Ouagadougou, Burkina Faso, Feb 24, 2014 (CNA/EWTN News) -
Philippe Ouedraogo, the newly-created cardinal from west Africa’s Burkina Faso, is known for his backing for the inclusion of the poorest of the poor in the distribution of economic goods.
Cardinal Ouedraogo was born in Konean in 1945, and was ordained a priest of the Diocese of Kaya in 1973. He later obtained a doctorate in canon law, serving in parishes and as a seminary rector.
He was consecrated Bishop of Ouahigouya, in Burkina Faso’s north, in 1996. Northern Burkina Faso has a concentration of the nation’s Muslims, and the diocese is home to two monasteries, one of them that of Jesus the Saviour, which follows the spirituality of Bl. Charles de Foucauld – whom Cardinal Ouedraogo greatly admires.
He was appointed Bishop of Ouagadougou, the Burkinabe capital, in 2009.
Cardinal Ouedraogo, 69, is known for having been critical of the national government. The current president, Blaise Compaore, came to power in 1987 through a coup in which his predecessor was killed.
Burkina Faso is extremely poor: its adjusted per capita GDP is $1,400, and average life expectancy is around 50 years.
Cardinal Ouedraogo lamented in his Christmas homily that “a handful of citizens … hold the great part” of Burkina Faso’s wealth, highlighting injustice, inequality, and poverty in the country.
In the summer 2013, Cardinal Ouedraogo published a letter that strongly condemned the “crisis in values” leading to the spread of poverty and corruption in Burkina Faso.
When president Compaore established a senate in 1995, the Burkinabe bishops were emphatic in their opposition, writing that “in such a climate of extreme poverty, in which the needs of basic necessities (health, education, employment, housing, food) are not sufficiently assured and an increasing number of young people have an uncertain future, one can only legitimately question on the opportunity of the creation of a Senate.”
Before 1995, the Burkinabe legislature had only one chamber; once a bishop, Cardinal Ouedraogo turned down a seat in the senate “in the name of the poor,” according to La Stampa. The nation’s senate was eventually dissolved, in 2002.
Cardinal Ouedraogo was one of 19 men added to the college of cardinals in the Feb. 22 consistory. He was one of two Africans, alongside Archbishop Jean-Pierre Kutwa of Abidjan, in Ivory Coast.
He is the second cardinal from Burkina Faso, following Cardinal Paul Zoungrana, who was Archbishop of Ouagadougou from 1960 to 1995, and who died in 2000.
Vatican City, Feb 24, 2014 (CNA) -
Today Pope Francis announced the establishment of a new entity for oversight of Vatican economic and administrative affairs, headed by Cardinal George Pell of Sydney, Australia.
According to Feb. 24 statement issued by the Holy See’s press office, the new Secretariat for the Economy “will have authority over all economic and administrative activities within the Holy See and the Vatican City State.”
Cardinal Pell has been appointed Prefect of the new Secretariat. His role includes the implementation of policies decided upon by a new 15-member Council for the Economy, made up of 8 Cardinals or Bishops “reflecting different parts of the world” and 7 “lay experts of different nationalities with strong professional financial experience.”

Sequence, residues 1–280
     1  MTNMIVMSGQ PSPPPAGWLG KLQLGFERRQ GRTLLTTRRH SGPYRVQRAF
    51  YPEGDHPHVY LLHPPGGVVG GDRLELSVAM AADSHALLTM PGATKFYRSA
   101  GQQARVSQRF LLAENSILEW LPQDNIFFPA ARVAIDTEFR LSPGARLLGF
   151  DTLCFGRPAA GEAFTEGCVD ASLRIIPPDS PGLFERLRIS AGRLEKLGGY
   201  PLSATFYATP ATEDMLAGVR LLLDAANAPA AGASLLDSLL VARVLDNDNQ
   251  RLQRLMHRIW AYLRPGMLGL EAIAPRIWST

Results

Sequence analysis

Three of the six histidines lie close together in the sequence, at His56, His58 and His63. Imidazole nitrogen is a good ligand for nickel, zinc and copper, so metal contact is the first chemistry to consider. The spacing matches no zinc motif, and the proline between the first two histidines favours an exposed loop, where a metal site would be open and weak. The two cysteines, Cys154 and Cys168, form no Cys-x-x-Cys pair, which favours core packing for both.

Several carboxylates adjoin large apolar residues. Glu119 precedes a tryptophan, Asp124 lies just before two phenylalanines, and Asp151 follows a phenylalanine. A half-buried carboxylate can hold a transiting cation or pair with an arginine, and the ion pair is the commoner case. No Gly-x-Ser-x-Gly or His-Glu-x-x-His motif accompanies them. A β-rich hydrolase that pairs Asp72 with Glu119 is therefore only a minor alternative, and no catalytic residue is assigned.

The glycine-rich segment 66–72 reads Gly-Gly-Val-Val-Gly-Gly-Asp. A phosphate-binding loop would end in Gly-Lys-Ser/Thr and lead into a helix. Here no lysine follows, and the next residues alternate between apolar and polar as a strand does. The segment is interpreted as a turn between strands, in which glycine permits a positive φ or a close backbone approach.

No appointments have been made yet besides that of Cardinal Pell. According to the Holy See Press Office, the Council for the Economy will replace the now obsolete “Council of 15,” composed only of cardinals.
The Australian prelate was made a Cardinal by John Paul in 2003. Since 2007, he has been on the committee of 15 Cardinals overseeing Vatican financial affairs. In 2013, Pope Francis chose Cardinal Pell to become part of the Council of 8 Cardinals tasked with examining the governing structures of the Church and considering reforms of the Curia.
The two groups of Cardinals met last week to consider the recommendations of the Pontifical Commission for Reference on the Organization of the Economic-Administrative Structure of the Holy See, (COSEA) charged with reviewing the Vatican’s administrative procedures.
Pope Francis’ creation of a new Secretariat for the Economy, issued formally in today’s motu proprio, “Fidelis et Dispensator Prudens,” comes as a response to the Cardinals’ endorsement of COSEA’s recommendations.
The Holy Father will also appoint an Auditor-General, yet to be named, who will have the capacity to audit any Vatican agency at any time.
Under Cardinal Pell’s leadership, the new Secretariat will “enable more formal involvement of senior and experienced experts in financial administration, planning and reporting and will ensure better use of resources, improving the support available for various programs, particularly our works with the poor and marginalized,” the press release indicated.
Cardinal Pell began serving in the Curia in 1990 when he was appointed to the Congregation for the Doctrine of the Faith. Since that time he has also worked at the Pontifical Council for Justice and Peace and the advisory committee of Bishops for the new translation of the Roman Missal.
As a leading figure in the Australian Catholic Church, the Cardinal served in various positions with Caritas Australia, the Australian Catholic University, and the University of Notre Dame Australia, among other institutions. He also established the Sydney Catholic business network and was a government appointee to the Australian Constitutional Convention, recommending Australia become a republic.